New Amsterdam Hospital plagued with drug shortages, other issues


…Parliamentary Sectoral Committee on Social Services hears

Members of the Parliamentary Sectoral Committee on Social Services on Thursday, March 2, visited the New Amsterdam Hospital where they met and interacted with hospital officials, staff and patients in an attempt to examine the hospital’s operational procedures in relation to emergency health care.

Members of the Committee who were a part of this “fact finding mission” included: Chairperson Dr Vindhya Persaud, MP, junior Indigenous Peoples’ Affairs Minister Valerie Garrido-Lowe, MP, junior Minister of Public Health Dr Karen Cummings, MP, among other Members of Parliament.

Dr Persaud, the Chairperson of the Committee explained that though hiccups are expected in any organization she is primarily concerned about the complaints of medication shortages and inability to have tests done which were made by patients she met on arrival at the Hospital.

The Parliamentary Sectoral Committee also has the mandate to examine whether institutions are equipped to meet their responsibilities and make recommendations for improvements it can make.

The Committee was made aware of the severe shortages of many medications on their visit to the pharmacy. The Materials Management Unit (MMU) had shortages of many needed medications and this hampered the hospital pharmacy from providing patients with basic drugs.

The Director of Health Services related the procedure involved him calling the MMU to ascertain if medications based on the list supplied by the Pharmacist were available.

Moreover, the Committee was informed that the doctors in the operating theater also were unable to perform surgeries over the last three months leading to a backlog of cases.

Furthermore, the biochemistry machine was not working since last year preventing necessary tests from being carried out for that hospital and those in the region.

The Committee heard that the ‘innovative and enthusiastic’ employees came up with their own initiatives many times to cater for the health of their patients.  Also raised were staff shortages in the labs and attendant department.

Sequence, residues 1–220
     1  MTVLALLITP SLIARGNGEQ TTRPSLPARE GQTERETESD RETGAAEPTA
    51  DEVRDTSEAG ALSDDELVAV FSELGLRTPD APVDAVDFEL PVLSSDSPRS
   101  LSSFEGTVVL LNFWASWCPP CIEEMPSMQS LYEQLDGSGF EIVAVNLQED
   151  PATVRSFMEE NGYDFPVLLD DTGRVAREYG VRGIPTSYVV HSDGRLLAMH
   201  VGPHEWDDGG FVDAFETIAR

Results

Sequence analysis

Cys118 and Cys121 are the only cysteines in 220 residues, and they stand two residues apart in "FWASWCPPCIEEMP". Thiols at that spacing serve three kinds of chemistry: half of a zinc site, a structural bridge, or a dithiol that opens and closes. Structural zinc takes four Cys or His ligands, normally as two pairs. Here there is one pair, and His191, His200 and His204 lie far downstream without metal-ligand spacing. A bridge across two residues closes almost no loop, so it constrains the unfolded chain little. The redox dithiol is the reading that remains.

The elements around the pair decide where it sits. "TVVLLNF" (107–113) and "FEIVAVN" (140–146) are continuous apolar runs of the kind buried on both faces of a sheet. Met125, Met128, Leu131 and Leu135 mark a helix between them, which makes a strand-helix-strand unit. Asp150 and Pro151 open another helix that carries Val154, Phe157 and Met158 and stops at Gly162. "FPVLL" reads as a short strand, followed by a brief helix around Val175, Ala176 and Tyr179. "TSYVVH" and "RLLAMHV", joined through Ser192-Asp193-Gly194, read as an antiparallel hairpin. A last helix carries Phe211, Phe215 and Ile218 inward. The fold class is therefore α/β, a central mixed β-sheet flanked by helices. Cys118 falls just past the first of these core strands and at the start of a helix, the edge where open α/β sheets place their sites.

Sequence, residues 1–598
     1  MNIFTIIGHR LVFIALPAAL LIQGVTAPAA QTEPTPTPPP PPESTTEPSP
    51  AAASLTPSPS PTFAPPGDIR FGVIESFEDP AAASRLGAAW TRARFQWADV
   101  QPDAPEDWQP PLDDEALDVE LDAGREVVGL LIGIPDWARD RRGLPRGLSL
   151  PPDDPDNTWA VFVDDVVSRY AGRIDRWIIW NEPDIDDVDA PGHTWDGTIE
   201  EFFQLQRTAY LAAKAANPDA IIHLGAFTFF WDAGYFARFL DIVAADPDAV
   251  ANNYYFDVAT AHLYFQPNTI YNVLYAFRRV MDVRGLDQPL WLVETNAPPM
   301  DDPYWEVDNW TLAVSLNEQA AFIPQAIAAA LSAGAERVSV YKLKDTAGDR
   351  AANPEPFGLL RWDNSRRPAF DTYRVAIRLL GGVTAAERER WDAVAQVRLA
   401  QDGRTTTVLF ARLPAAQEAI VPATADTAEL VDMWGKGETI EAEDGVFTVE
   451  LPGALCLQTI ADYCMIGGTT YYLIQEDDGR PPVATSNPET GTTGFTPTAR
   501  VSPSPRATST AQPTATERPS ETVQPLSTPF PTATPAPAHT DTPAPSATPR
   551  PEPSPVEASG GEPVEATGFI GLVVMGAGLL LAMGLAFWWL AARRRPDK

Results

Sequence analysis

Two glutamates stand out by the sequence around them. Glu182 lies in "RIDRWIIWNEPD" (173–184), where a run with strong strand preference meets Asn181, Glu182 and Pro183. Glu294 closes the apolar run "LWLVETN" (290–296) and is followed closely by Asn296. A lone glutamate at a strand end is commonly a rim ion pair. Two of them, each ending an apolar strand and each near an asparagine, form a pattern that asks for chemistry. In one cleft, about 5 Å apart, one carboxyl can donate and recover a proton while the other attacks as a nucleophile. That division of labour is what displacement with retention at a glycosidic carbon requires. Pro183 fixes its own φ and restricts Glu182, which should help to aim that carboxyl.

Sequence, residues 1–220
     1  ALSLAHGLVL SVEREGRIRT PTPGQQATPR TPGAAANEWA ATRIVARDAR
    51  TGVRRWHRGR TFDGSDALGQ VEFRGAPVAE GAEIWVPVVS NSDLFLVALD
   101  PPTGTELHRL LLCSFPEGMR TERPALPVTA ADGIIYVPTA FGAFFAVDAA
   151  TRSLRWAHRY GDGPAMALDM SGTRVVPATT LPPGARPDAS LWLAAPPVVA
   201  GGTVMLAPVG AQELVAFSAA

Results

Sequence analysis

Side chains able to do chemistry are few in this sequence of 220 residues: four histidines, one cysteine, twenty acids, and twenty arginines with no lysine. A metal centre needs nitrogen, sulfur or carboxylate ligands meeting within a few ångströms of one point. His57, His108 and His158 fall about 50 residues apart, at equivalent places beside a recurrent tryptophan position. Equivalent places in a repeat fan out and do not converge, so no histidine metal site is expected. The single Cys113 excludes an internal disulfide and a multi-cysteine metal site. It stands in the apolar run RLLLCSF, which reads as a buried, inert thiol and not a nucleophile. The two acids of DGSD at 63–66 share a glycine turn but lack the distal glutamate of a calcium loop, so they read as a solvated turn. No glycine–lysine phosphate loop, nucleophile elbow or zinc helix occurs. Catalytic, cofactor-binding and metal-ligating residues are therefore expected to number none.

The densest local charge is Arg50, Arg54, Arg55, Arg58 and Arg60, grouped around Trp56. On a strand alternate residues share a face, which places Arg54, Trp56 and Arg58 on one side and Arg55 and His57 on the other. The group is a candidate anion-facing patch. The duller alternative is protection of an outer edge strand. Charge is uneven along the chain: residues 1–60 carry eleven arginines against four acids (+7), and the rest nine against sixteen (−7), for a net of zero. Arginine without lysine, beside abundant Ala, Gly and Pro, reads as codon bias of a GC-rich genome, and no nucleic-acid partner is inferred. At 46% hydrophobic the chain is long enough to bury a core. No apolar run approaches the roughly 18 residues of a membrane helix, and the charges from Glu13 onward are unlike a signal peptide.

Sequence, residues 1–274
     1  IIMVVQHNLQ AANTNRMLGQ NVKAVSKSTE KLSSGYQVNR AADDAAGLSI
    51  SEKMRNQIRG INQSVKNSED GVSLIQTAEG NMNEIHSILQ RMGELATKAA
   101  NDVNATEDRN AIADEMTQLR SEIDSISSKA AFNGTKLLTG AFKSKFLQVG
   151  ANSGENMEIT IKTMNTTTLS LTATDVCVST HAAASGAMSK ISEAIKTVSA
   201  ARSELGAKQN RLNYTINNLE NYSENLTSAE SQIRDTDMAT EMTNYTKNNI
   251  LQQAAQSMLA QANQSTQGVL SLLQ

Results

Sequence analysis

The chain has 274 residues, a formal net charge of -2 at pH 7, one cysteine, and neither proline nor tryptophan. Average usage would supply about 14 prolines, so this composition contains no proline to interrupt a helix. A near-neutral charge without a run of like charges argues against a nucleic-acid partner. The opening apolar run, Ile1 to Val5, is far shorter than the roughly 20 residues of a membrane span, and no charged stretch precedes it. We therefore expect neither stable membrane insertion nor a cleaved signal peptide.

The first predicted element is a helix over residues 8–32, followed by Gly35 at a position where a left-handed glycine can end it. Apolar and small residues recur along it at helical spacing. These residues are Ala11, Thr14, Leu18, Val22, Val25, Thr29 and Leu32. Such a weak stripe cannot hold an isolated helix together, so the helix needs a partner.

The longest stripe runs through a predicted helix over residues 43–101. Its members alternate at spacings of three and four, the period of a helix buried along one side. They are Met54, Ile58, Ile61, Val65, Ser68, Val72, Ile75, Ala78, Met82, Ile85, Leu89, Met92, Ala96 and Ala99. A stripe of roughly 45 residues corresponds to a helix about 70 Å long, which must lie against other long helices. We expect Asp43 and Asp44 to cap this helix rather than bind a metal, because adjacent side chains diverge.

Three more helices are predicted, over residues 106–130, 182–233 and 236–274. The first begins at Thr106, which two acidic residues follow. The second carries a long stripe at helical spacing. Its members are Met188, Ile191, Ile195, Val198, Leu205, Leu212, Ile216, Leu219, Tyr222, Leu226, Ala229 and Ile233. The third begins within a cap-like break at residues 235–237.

Chief Executive Officer (CEO) of Hospital, Collin Bynoe briefed the Committee on the services provided at the hospital and the challenges faced. He placed special emphasis on the fact that the hospital caters for a population of more than one hundred and twenty five thousand (127,000) persons but only has seventy doctors (70) in its employ.

He raised several other concerns including poor maintenance of equipment which, he said, is mainly responsible for slowing down the work of the staff and pointed out that they constantly have problems with their air conditioning units.

Another issue was the small size, lack of privacy and deplorable condition of the doctors’ “on call room”. The CEO explained that a new “on-call” room is presently being constructed but lamented that this will take a few months before completion and doctors are in the mean time forced to make do with inadequate facilities.

Bynoe also outlined positive developments at the hospital which included the construction of the High Dependency Unit at the front of the hospital. He explained that the hospital will be expanded with the construction of a new maternity wing complete with its own theatre, delivery room and cubicles to accommodate fathers so that they can have a view of their wives delivery.

Dr Persaud, the Chairperson of the Committee explained that the Social Services Committee has the responsibility to scrutinize and examine policies and administration for each sector under its purview and to determine whether they are in consonance with the principles of good governance.

As such, Dr Persaud said, the Committee will make a report concerning their findings and table it in the National Assembly, with recommendations which can and should be acted on.

According to the Committee, more details will be released in the formal report which will be laid in Parliament.


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